The SuperH-3, part 4: Basic arithmetic
Okay, we’re ready to do some arithmetic. Due to the limited instruction encoding space, there isn’t room for any three-operand instructions.¹ All of the arithmetic instructions are two-operand, where the second source operand also acts as the destination.
ADD Rm, Rn ; Rn += Rm , no effect on T ADD #imm, Rn ; Rn += imm , no effect on T ADDC Rm, Rn ; Rn += Rm + T, T receives carry ADDV Rm, Rn ; Rn += Rm , T receives signed overflow
ADD instructions add two values and put the result in the second register. You can add two registers together, or you can add a signed 8-bit immediate to the destination register.
ADDC instruction treats the T flag as a carry flag: It is added to the sum, and it receives the carry of the result.
ADDV instruction treats the T flag as an overflow flag: It reports whether a signed overflow occurred.
Okay, subtraction is going to look really similar now.
SUB Rm, Rn ; Rn -= Rm , no effect on T SUB #imm, Rn ; Rn -= imm , no effect on T SUBC Rm, Rn ; Rn -= Rm + T, T receives borrow SUBV Rm, Rn ; Rn -= Rm , T receives signed underflow
Basically the same as addition, except you’re now subtracting. The SH-3 treats T as a borrow flag in the case of
SUBC, whereas for
SUBV it reports whether a signed underflow occurred.
Arithmetic negation is up next.
NEG Rm, Rn ; Rn = -Rm , no effect on T NEGC Rm, Rn ; Rn = -Rm - T, T receives borrow
There is no
NEGV, but overflow occurs only if the value is
0x80000000, so I guess you could test for that value specifically.
There is a special instruction for for decrementing a register:
DT Rn ; Rn = Rn - 1, T = (Rn == 0)
The decrement and test instruction decrements a register and compares the result against zero. This is presumably for counted loops.
Next come the comparison instructions.
CMP/EQ #imm, r0 ; T = (r0 == signed 8-bit immediate) CMP/EQ Rm, Rn ; T = (Rn == Rm) CMP/HS Rm, Rn ; T = (Rn ≥ Rm), unsigned comparison CMP/GE Rm, Rn ; T = (Rn ≥ Rm), signed comparison CMP/HI Rm, Rn ; T = (Rn > Rm), unsigned comparison CMP/GT Rm, Rn ; T = (Rn > Rm), signed comparison CMP/PZ Rn ; T = (Rn ≥ 0), signed comparison CMP/PL Rn ; T = (Rn > 0), signed comparison CMP/STR Rm, Rn ; T = 1 iff any corresponding bytes are equal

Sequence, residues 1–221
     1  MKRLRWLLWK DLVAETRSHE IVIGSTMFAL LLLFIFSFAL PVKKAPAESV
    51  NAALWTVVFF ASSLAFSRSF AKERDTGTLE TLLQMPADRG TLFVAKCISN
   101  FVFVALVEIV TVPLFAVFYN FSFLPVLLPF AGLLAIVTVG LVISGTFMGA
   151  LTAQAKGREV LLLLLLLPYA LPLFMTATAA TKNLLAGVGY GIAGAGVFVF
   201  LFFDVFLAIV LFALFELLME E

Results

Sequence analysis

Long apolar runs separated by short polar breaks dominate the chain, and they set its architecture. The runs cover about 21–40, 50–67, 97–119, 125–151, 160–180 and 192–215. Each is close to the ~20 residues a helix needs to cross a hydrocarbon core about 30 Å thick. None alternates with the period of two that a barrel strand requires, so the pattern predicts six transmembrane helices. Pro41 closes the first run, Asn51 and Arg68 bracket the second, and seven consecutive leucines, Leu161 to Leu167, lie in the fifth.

These instructions set the T flag according to a particular comparison. Note that the comparison is backward! For example,
CMP/GE r1, r2 does not check whether r1 ≥ r2; rather, it checks whether r2 ≥ r1. This takes a lot of getting used to.
You have the special ability to compare r0 for equality with a signed 8-bit immediate. Otherwise, you can compare two registers against each other, or a register against zero.
CMP/STR compares two registers to determine whether any of the four component bytes are equal. It’s clear from the mnemonic that the intended purpose is to search for a null terminator in a string. You set Rn to zero and then do a
CMP/STR against every longword in the string until it says, “Hey, I found a zero byte!” and then you can study that longword to see where the zero byte is.
The processor documentation doesn’t explain why they chose the names for the mnemonics, but I can guess.
|high or same|
|greater or equal|
|plus or zero|
It took me a while to come up with a plausible explanation for
Exercise 1: Synthesize the
Exercise 2: Perform the opposite of the
MOVT instruction: Set the T register to 0 if a register is zero, or 1 if the register is nonzero.
The last arithmetic instructions are the extension instructions.
EXTS.B Rm, Rn ; sign extend byte in Rm to Rn EXTS.W Rm, Rn ; sign extend word in Rm to Rn EXTU.B Rm, Rn ; zero extend byte in Rm to Rn EXTU.W Rm, Rn ; zero extend word in Rm to Rn
That’s it for the basic arithmetic instructions. We’ll start looking at the more complicated arithmetic instructions next time, starting with multiplication.
¹ Well, okay, you can have three-operand instructions if some of them are hard-coded! But that’s not what I mean. I mean three-operand instructions where the programmer can choose all three of the operands.